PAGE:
1. Just because everyone is loving a book doesn’t mean you will love it. Quite contrary, mass appeal books are not always to be trusted with reviews.

2. First 50 words doesn’t define a book !

Sixpence House: Lost in a Town of Books

I was truly fascinated by the subject when I first heard about this book. Hay-on-Wye, often described as “the town of books“, is a small market town and community in Powys, Wales. It has 40 bookstores, and if you can’t find what you want in one of them, you can fork over 50 pence and visit the field behind the town castle, where thousands more long-forgotten books languish under a sprawling tarp. The story follows Paul Collins as he abandons the hilly SanFrancisco and move his family to Hay where he tries to organise the American literature section in one of the many used-book stores, his attempts to buy an affordable house that is not falling apart and his struggle to make peace with the life in Hay. The book is spruced up with Collin’s witty and funny observations on many book titles and the village life of Hay.

sixpence

Did the concept of actually having a town where bookstores outnumber the other shops fascinate you too? You should pick up this book then.

What have you been reading lately?

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8 Comments
  1. First of all, thanks for bringing up the site grammarly. Its been quite long time since i checked my account here. You seem to read more books than anyone i know. How do you get the time to do this. I read books maybe once in a year and that too if it interest me. The recent book i read was chetan baghats ” 2 states”. I know you may not like it going by the taste of your style. I brought the triseries book of Amish Tripathi but still i have not completed reading the few chapters of the first book. I though the book was good but somehow the book start seems to be boring. Another book which i borrowed from my friend is the Princess by Jean P Sasson. I dont know if you know about this book. Its a must read atleast for me as i stay in this part of the world.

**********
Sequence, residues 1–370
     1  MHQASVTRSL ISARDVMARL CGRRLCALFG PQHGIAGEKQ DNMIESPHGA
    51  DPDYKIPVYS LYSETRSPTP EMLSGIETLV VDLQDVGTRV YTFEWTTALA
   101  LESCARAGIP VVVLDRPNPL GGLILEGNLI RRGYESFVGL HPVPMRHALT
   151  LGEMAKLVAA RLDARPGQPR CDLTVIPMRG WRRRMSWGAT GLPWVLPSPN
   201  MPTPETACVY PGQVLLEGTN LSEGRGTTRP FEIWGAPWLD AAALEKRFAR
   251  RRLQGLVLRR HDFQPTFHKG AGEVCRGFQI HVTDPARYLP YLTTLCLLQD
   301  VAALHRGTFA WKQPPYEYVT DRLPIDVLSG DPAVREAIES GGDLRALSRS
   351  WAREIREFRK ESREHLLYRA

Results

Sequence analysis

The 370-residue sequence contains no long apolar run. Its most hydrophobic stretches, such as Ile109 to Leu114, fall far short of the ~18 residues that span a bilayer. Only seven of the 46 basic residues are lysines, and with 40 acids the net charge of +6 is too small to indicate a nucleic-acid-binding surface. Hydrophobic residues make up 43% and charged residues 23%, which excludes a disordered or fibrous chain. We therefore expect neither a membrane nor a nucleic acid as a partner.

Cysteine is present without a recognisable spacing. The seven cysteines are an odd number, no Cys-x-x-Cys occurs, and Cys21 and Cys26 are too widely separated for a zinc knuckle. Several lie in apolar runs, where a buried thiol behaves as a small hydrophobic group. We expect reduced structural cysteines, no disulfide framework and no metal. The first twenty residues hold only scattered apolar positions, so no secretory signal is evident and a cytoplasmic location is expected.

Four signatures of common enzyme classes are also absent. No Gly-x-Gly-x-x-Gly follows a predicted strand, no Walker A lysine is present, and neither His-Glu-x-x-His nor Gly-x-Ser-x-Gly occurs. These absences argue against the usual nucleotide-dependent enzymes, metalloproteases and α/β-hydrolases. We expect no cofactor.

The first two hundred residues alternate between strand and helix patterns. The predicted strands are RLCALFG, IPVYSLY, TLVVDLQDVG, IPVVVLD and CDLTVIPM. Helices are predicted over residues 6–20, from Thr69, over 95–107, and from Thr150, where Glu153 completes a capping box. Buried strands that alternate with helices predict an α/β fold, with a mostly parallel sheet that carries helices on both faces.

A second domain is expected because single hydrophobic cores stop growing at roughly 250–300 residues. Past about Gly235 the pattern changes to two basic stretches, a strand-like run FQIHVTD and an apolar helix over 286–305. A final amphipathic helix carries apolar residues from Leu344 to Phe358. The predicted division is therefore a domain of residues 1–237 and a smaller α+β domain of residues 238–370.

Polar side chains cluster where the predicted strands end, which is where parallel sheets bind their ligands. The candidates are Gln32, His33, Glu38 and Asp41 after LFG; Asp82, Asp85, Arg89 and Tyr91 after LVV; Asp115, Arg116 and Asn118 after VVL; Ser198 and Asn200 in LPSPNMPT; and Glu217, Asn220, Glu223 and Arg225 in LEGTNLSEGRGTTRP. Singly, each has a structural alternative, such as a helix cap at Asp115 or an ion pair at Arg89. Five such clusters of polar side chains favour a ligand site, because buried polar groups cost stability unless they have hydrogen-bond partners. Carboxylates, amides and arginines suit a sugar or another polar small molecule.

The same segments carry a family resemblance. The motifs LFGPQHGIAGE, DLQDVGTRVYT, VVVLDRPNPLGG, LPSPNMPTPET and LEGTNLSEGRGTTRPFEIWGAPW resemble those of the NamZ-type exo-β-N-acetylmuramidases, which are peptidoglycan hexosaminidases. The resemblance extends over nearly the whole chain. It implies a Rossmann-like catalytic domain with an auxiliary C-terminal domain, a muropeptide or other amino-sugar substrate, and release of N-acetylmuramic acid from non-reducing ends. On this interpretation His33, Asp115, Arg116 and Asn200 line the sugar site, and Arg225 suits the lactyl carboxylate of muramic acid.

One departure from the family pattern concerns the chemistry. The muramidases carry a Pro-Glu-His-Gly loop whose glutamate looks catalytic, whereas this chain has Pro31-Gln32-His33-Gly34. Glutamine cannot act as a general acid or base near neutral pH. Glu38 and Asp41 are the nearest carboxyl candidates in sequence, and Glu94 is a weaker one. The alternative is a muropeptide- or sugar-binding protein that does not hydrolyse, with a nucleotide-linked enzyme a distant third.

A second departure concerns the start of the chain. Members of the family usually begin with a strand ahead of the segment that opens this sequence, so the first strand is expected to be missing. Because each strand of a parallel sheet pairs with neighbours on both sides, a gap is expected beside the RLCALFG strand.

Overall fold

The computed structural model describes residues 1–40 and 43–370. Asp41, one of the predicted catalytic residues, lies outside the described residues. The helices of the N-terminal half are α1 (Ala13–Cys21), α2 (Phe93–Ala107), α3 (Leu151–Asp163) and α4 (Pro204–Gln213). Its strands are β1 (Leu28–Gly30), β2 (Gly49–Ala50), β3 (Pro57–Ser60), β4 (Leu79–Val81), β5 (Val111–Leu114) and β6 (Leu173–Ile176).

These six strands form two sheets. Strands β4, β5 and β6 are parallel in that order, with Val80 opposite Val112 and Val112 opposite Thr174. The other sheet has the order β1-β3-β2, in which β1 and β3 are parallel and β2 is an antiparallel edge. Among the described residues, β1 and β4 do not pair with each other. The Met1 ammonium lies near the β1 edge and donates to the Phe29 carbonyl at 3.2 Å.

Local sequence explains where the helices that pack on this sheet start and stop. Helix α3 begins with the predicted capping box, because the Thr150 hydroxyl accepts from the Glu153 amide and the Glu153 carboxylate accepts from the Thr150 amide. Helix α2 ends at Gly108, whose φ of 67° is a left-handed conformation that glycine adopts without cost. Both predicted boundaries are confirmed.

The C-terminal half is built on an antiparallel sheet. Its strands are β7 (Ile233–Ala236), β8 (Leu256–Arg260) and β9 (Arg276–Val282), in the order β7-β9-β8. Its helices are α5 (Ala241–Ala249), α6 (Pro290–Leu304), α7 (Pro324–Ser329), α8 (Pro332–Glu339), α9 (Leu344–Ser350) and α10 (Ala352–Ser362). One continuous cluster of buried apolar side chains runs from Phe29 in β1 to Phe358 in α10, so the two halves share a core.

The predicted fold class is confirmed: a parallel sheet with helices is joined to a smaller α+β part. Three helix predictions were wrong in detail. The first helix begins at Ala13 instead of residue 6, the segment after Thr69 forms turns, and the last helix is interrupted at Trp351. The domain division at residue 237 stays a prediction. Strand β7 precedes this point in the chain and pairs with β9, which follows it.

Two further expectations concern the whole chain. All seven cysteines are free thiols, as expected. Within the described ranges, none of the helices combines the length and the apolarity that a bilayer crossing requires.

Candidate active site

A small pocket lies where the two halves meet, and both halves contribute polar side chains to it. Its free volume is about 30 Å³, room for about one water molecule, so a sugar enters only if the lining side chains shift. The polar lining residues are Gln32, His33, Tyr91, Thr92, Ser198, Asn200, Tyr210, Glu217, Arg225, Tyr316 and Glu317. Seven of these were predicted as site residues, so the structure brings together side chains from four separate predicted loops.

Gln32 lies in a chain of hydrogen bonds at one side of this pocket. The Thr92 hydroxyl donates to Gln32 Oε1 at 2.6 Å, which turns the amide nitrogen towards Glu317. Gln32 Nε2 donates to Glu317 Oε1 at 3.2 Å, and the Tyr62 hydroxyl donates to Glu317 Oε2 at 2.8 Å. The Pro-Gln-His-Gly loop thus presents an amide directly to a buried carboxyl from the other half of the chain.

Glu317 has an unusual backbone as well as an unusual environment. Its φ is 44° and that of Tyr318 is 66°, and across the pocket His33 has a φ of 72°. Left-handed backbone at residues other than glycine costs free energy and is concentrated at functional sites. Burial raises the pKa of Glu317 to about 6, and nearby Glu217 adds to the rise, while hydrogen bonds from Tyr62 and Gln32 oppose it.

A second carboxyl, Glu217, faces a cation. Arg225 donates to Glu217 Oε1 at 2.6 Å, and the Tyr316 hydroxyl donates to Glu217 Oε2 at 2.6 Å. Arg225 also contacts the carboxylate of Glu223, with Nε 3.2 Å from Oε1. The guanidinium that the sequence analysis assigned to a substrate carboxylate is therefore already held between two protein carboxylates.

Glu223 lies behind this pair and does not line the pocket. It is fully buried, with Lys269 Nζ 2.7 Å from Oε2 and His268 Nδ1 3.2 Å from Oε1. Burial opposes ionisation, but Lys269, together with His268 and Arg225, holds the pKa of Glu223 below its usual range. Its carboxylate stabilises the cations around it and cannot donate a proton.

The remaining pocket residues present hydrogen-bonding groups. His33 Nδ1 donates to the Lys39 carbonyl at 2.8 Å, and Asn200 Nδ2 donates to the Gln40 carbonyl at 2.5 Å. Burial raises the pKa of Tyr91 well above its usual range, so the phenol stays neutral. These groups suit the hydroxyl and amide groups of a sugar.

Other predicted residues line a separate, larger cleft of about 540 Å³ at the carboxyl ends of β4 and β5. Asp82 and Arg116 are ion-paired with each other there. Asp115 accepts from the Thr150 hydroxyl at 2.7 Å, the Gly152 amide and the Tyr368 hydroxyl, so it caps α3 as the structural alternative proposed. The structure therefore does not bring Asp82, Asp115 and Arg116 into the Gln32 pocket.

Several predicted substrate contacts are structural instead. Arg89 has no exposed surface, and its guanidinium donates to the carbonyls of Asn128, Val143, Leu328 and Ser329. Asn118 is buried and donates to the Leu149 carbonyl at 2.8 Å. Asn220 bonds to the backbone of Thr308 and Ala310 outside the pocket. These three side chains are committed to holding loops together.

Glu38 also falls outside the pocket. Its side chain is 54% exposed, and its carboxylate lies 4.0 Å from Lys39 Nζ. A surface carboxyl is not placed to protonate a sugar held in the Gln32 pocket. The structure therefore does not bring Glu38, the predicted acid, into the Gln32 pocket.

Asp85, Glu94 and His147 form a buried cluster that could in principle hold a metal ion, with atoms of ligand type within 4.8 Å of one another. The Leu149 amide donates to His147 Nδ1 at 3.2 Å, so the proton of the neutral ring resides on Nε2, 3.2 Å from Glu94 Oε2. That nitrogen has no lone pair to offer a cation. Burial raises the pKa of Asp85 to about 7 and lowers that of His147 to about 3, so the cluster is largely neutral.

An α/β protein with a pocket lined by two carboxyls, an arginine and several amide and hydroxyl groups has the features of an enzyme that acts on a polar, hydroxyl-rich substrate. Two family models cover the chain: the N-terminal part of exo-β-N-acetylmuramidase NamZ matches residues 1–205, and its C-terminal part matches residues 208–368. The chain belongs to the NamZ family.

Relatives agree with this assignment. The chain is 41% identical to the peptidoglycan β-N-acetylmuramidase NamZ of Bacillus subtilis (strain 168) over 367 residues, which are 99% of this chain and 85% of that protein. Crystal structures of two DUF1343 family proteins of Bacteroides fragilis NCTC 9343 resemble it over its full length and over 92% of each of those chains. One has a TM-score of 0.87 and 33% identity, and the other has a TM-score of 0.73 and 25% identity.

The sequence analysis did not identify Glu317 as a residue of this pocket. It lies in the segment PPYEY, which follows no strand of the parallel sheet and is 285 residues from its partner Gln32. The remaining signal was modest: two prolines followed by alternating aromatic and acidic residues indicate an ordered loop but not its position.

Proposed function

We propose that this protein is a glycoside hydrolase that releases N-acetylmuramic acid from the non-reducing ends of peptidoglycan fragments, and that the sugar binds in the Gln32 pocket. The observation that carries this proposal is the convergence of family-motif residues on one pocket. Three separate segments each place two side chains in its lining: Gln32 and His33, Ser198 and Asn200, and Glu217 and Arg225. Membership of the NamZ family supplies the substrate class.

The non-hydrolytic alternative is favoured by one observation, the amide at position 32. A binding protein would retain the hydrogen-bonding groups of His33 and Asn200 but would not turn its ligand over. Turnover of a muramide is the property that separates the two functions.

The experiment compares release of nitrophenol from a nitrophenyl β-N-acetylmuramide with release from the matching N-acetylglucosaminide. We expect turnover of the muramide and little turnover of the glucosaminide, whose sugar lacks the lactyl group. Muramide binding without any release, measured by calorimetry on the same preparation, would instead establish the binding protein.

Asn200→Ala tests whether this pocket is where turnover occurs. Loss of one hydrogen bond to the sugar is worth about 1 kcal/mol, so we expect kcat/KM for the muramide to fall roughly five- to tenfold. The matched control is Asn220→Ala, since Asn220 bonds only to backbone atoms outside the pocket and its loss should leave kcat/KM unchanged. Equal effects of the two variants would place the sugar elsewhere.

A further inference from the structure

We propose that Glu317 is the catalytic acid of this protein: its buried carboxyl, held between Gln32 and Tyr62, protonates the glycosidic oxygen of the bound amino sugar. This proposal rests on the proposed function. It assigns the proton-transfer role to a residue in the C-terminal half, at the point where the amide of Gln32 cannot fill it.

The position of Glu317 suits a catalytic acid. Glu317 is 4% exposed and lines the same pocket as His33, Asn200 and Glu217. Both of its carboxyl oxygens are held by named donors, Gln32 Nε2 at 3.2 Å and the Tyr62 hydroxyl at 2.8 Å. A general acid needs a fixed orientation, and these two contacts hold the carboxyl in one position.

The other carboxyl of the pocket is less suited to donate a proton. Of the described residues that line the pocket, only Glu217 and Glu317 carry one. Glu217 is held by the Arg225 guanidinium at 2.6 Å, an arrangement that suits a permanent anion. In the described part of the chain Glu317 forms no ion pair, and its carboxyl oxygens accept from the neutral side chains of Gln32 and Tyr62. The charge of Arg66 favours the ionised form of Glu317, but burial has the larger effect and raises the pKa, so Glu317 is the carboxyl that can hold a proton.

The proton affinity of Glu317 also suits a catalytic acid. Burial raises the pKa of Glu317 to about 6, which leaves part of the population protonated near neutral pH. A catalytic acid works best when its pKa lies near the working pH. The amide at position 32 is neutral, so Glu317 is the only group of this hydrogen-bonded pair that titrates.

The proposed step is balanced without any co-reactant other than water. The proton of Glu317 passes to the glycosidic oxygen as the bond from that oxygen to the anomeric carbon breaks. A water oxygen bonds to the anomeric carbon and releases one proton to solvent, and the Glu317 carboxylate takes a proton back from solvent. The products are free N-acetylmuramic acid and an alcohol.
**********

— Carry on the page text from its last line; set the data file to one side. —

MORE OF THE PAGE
Lately i just been bitten by photography bug. My hubby just got me a canon camera DSLR. Though heavy and not easy to carry, the pictures that come out are awesome…anyway, enjoyed reading your blog and i forgot belated Diwali Wishes.

    • Oh girl, I don’t read as much books as I would love to. I agree it is really difficult to find time in between our schedules.

      I have read “2 states” and found it just ok. I personally don’t like Chetan Bhagat as a author. I should check out “Princess” by Jean Sasson.

      Wow, photography bug! Would love to see the pics. Belated Diwali Wishes to you too.

  2. A big hi-10 for ” The shadow of the wind” !! Haven’t read the other two but they sound so interesting, especially Sixpence house. I am so adding them to my list. Yes, it is longer a mile ofcourse.

  3. Pity you didn’t enjoy Shadow of the Wind. 😦 I have read SO MANY great reviews for it!

    Sixpence House sounds wonderful. It is non-fiction, right? I am adding it to my TBR list, which is growing by the day. 🙂 Did you enjoy the book?

    I have never read Pico Iyer, and want to begin now. The lady and the monk sounds like a great place to begin. Adding that to the TBR list, too. 🙂

    • I had also read so many good reviews about it. I didn’t like it one bit.

      I did enjoy Sixpence House, it is a book lovers version of ‘A Year in Provence’, not that fancy though.

      You should definitely read ‘The lady and the monk’. I highly recommend it.